Tue, 15 Nov 11
The mix-adjusted average asking price for homes on the market in England and Wales remains unchanged since October, according to the Home Asking Price Index from Home.co.uk.
Sellers who cut their prices cut deeper in October, knocking a total £1.3 billion off the UK’s property portfolio, says the UK’s only independent forward market indicator. Home prices fell in 7 out of 9 English regions and in Scotland and Wales during the last month, while Greater London and the South East showed gains.
The index, calculated using a weighting system based on the DCLG (formerly ODPM) Survey of English Housing Stock, finds that the autumnal slowdown in the UK property market is more acute this year than in 2010. Despite a fall in supply, homes are spending more time on the market and prices are flat overall. A total of 81,353 homes on the market had their prices reduced in October, with an average price reduction of £16,632 - the largest figure since December 2010.
Greater London and the South East are the exceptions to the gloomy national picture. Perhaps unsurprisingly, these property markets are relatively buoyant, benefiting the most from the financial bailout and foreign investment.
Mortgage approvals for purchase remain relatively unchanged year on year, while according to the CML, re-mortgaging and buy-to-let approvals are up significantly. The number of buy-to-let loans increased by 16% over the three months to the end of September, while the value of mortgages advanced in the sector went up by 19%.
In the year to September, repossessions totalled 27,500, down 4 percent on the year to September 2010, and therefore repossessions in 2011 as a whole were now likely to be below their 40,000 forecast, the CML said.
However, the poor economic outlook continues to haunt the UK property market. Jobless totals are rising and cuts in government spending look set to thwart any further market recovery. Consequently market sentiment across most regions of England, Wales and Scotland remains cautious.
The year-on-year (YoY) change in asking prices for England and Wales now stands at -0.1%, although when corrected for the effect of increasing monetary inflation (CPI or RPI) the real fall is worsening (ca. 7% per annum vs. RPI ex housing). Despite falling supply, the typical (median) time on market for unsold property has risen 7 days to 128 days since last month, and is now 10 days longer than in November 2010.
The current average time on market for unsold property has increased 2 days since November (now 212 days) and is 20 days longer than in November last year. Average marketing times for property continue to be considerably longer than those observed before the financial crisis (<100 days).
Market house prices in Greater London have been performing very strongly over the last two months, driven chiefly by a lack of supply. London may well have ended the long downward trend from the recent high in July 2010. However, London home prices show little or no change since November 2010 and are performing far behind rents, which show an average rise of 19.5% and median rise of 13.7% over the last year.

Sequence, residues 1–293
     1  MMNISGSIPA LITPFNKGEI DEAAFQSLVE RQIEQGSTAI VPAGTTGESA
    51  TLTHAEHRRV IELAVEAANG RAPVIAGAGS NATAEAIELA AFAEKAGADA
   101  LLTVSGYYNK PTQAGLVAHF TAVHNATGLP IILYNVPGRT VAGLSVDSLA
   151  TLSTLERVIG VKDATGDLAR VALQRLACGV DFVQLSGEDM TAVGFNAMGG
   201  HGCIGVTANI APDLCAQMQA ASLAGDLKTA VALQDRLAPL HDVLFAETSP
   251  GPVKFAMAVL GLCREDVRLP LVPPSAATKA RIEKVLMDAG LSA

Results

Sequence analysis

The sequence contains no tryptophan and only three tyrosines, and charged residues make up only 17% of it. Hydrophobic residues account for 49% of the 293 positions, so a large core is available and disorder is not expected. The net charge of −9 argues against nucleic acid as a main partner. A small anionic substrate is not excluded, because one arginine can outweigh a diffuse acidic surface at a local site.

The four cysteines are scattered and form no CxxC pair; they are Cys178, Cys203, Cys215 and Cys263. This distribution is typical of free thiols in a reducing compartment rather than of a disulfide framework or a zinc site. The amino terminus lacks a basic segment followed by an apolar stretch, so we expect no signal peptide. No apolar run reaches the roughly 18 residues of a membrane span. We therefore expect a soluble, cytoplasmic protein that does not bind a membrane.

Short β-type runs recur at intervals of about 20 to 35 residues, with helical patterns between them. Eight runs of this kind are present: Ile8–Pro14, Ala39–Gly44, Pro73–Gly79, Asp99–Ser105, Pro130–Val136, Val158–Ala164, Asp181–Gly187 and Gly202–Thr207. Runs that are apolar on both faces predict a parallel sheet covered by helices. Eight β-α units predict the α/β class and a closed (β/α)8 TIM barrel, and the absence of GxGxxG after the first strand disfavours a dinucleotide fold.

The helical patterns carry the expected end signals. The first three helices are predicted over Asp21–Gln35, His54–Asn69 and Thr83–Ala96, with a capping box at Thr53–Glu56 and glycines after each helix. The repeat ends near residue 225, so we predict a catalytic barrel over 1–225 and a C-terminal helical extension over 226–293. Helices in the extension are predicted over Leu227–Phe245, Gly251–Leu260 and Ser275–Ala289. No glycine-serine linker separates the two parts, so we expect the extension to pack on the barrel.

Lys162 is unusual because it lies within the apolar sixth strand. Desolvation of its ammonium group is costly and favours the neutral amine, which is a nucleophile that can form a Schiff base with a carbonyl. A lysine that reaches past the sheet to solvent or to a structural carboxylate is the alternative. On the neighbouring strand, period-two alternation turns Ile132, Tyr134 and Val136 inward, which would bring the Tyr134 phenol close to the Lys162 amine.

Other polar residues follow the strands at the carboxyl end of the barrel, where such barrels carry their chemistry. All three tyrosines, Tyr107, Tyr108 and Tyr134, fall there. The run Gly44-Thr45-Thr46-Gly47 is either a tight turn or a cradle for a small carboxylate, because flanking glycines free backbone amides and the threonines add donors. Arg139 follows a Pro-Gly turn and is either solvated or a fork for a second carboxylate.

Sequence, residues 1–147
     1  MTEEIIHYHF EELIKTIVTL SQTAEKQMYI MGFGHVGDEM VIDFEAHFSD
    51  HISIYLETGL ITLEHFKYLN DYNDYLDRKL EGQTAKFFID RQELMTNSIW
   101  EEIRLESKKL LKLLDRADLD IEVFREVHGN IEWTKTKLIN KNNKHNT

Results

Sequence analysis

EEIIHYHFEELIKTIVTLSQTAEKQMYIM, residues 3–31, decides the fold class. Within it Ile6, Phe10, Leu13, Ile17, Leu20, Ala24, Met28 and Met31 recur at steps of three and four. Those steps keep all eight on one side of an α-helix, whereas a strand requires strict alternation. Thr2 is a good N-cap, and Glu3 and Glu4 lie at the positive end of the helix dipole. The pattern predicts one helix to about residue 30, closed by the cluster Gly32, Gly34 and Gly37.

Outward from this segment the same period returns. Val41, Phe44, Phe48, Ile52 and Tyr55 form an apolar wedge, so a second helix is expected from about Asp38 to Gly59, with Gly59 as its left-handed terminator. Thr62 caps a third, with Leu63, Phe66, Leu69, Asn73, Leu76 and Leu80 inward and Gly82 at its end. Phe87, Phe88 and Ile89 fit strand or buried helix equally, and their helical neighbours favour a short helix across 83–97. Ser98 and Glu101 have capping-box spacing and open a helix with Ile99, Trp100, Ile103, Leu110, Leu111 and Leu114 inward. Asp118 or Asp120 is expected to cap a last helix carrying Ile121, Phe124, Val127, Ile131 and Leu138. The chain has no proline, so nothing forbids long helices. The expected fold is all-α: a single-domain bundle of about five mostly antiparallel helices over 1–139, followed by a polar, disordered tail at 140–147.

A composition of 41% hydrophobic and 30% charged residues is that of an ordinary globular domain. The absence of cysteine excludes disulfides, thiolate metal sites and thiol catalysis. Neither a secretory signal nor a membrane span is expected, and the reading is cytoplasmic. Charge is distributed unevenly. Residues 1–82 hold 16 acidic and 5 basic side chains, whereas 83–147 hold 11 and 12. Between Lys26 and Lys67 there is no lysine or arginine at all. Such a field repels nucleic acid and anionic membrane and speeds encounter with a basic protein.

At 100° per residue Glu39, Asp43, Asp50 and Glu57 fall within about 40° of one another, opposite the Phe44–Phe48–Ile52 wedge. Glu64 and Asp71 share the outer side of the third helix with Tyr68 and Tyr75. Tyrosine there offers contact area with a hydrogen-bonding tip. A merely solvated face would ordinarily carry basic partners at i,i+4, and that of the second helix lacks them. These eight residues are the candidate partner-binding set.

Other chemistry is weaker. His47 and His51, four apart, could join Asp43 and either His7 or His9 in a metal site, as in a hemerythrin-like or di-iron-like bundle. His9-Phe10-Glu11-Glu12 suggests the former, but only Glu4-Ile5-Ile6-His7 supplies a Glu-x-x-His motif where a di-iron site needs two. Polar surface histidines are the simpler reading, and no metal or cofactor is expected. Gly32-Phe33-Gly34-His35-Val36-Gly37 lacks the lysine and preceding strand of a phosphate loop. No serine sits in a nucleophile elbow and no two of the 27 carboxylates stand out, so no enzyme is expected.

The typical time on market for Greater London showed no change this month when a seasonal rise would be expected. Shortage of supply and strong BTL demand will keep marketing times down and support prices over the coming months.
The 2011 price maximum for properties for sale in the North East fell a long way short of the 2010 high in October last year. The asking prices for properties in the North East are currently 1.8% lower than in November 2010, despite the fact that supply of sales properties is 22% down on last year.
Typical time on market in the North East is considerably higher than last year. The median time on market is now 179 days, which is 26 days longer than in November 2010.
Asking prices for homes in Scotland have fallen recently in line with seasonal expectations but remain 0.9% higher than in November 2010. Time on market in Scotland is 15 days higher than in November last year and has continued a rising trend suggesting that further price falls are to be expected. Supply of property for sale in Scotland is down only 7% on this time last year.
With London home prices showing little or no change over the last year (£1million-plus properties excluded) and average rents showing a rise of 19.5% (median rents up 13.7%) over the last year, it is hardly surprising that interest in buy-to-let is growing quickly. Lending to the sector is at a 3-year high and tenant demand is soaring.
According to the CML, 'in the third quarter, there were 18,580 loans for the purchase of buy-to-let properties, accounting for almost 12% of all house purchase loans. But the proportion remains significantly lower than the former peak in the first quarter of 2008, when 32,650 mortgages for buy-to-let property purchase accounted for 19% of all loans for house purchase.'
However, the proportion of loans to the BTL sector is growing quickly and if the trend continues the sector will account for 20% of all home purchase loans by 2015. However, as well as choosing the best rental property location the prudent investor must also take into account capital values, especially in an inflationary environment.
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